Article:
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Concert Review: British Sea Power -- Never Go See Them Live
Spaceland, Thursday, Feb 28 (With a Pause to mention their Echo show on the 27th.)
I really wanted to write a positive review. I walked into the Echo on Wednesday, February 27th, firmly intending to come out again 3 hours later with a gloriously sycophantic description of the show. I was planning on pure hagiography, with illuminations and everything depicting the sure-to-be brilliant performance. It came then as a depressing shock when the band utterly failed to deliver one.
To be fair, it wasn’t entirely their fault. The Echo is a great venue, (and one of my favorite places to catch a show in LA,) but I always feel kind of sorry for the headlining act. It's a poorly ventilated space and the air conditioning is barely effective. Add a hundred or so people talking, breathing and yelling "Woooooo!" for several hours and it feels more like Tulsa in July than Los Angeles in February. Unless the band is just [expletive] amazing, with portable AC units strapped to the ceiling above them, the energy is sucked out of the room faster than you can say "wanna go outside and make out?" and at best, you get sluggish earnestness.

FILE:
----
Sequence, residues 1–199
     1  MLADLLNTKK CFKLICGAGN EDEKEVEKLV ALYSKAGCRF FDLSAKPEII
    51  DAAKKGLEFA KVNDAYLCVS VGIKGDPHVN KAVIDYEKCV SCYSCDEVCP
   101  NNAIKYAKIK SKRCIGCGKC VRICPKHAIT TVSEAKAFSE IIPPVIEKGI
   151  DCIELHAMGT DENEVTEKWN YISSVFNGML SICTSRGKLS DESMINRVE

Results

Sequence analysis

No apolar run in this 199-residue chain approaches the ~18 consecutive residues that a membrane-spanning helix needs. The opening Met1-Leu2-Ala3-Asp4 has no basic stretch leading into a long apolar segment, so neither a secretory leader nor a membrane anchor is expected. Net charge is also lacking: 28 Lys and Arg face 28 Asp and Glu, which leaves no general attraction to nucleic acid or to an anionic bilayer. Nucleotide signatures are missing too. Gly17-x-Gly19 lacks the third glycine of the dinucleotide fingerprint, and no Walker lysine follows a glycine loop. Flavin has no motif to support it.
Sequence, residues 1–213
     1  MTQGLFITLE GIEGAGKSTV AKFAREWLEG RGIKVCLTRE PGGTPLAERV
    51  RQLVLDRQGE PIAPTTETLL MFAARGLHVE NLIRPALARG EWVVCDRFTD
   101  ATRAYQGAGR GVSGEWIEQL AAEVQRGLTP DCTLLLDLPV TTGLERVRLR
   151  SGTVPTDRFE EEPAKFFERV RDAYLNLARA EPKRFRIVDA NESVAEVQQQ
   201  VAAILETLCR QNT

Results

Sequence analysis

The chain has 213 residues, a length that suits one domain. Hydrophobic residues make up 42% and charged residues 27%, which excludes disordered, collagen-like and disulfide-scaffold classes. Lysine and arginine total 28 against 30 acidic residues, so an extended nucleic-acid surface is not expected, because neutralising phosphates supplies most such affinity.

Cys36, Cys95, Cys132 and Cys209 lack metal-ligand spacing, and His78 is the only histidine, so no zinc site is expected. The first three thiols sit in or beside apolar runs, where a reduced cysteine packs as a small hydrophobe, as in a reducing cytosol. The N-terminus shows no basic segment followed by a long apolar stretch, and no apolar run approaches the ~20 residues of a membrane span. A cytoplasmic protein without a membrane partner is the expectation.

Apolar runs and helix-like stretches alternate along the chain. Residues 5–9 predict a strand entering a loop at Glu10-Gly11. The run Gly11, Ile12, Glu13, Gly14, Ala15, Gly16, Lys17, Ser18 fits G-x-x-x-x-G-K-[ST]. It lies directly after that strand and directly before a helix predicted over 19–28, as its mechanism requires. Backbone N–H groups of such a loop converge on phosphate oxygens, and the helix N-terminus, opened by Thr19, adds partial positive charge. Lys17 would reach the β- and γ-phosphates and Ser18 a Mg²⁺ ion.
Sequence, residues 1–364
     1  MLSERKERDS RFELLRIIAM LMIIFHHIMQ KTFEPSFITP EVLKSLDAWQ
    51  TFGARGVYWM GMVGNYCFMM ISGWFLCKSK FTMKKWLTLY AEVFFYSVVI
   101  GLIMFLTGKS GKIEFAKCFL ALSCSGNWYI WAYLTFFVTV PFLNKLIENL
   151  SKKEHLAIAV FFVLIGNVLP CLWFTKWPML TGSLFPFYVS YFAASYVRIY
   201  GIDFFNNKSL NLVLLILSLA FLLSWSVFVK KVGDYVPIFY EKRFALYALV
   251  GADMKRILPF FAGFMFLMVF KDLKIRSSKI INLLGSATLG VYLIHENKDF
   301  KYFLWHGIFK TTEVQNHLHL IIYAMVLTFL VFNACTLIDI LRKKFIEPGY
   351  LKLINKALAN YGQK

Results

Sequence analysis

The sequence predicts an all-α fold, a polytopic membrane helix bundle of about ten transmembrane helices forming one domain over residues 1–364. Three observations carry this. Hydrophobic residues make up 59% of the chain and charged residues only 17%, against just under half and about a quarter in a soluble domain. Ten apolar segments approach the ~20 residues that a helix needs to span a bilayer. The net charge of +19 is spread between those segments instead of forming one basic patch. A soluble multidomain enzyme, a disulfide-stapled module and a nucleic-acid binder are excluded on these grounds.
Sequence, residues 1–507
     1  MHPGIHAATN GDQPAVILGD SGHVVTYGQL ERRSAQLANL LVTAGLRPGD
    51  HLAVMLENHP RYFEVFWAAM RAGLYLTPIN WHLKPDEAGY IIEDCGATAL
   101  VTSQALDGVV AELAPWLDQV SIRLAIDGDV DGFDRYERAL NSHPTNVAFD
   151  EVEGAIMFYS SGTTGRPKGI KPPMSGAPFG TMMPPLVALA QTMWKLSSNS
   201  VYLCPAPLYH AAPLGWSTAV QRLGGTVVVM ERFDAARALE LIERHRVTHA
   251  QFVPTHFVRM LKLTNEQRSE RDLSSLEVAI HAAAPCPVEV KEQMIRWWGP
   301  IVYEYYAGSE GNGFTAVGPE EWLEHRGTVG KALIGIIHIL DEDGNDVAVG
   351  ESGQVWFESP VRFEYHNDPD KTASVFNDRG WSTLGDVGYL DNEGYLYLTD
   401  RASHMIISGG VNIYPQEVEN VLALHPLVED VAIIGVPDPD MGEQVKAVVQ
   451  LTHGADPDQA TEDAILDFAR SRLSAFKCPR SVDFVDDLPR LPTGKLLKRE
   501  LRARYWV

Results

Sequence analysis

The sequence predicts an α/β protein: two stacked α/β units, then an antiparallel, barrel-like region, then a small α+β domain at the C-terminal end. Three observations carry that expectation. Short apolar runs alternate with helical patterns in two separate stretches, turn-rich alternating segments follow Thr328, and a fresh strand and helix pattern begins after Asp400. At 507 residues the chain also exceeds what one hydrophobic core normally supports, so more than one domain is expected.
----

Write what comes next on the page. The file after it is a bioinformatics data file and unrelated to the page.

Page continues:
There are also frequent technical problems. Mics go out, amps lose sound and you’ll go from not being able to hear the vocals to ear-bleeding feedback in the blink of an eye. The Band suffered all of these afflictions, but they were also preceded by the absolutely incredible Colourmusic (a review of whom is forthcoming.) Enduring that kind of nonsense, and especially doing so after an amazing opening act, can derail even the most dedicated musicians and it inclined me to be merciful. I felt so bad for them in fact that I decided to attend their Spaceland show the next night, just to make sure they got a fair review.
I've now seen them twice. And my fair review?
British Sea Power are not very good live.
I admit they aren't the most unique band in the world, but I like them anyway. Their music has always been dominated by their influences and overshadowed by less derivative contemporaries like Franz Ferdinand and Art Brut, but they write catchy, stuck in your head songs and they’re solid, fun and smart. Their first record, 2003's The Decline Of was a noisy mess that lacked somewhat in memorable songs, but was still extremely endearing, (probably because I immediately thought of the H.M.S. Pinafore*.)
They essentially built on the formulae with 2005's likeable but otherwise unremarkable Open Season. However on their latest, Do You like Rock Music?, the noise has been subdued to the pursuit of quality songwriting and they seem to have finally struck a balance between their influences and their own sound. Songs like No Lucifer, Waving Flags and the wonderful Lights Out For Darker Skies are dreamy, sad and beautiful little melodies that finally equal the band's lyrics. It’s definitely their best and most accessible record, and will probably end up on a lot of 2008 top ten lists.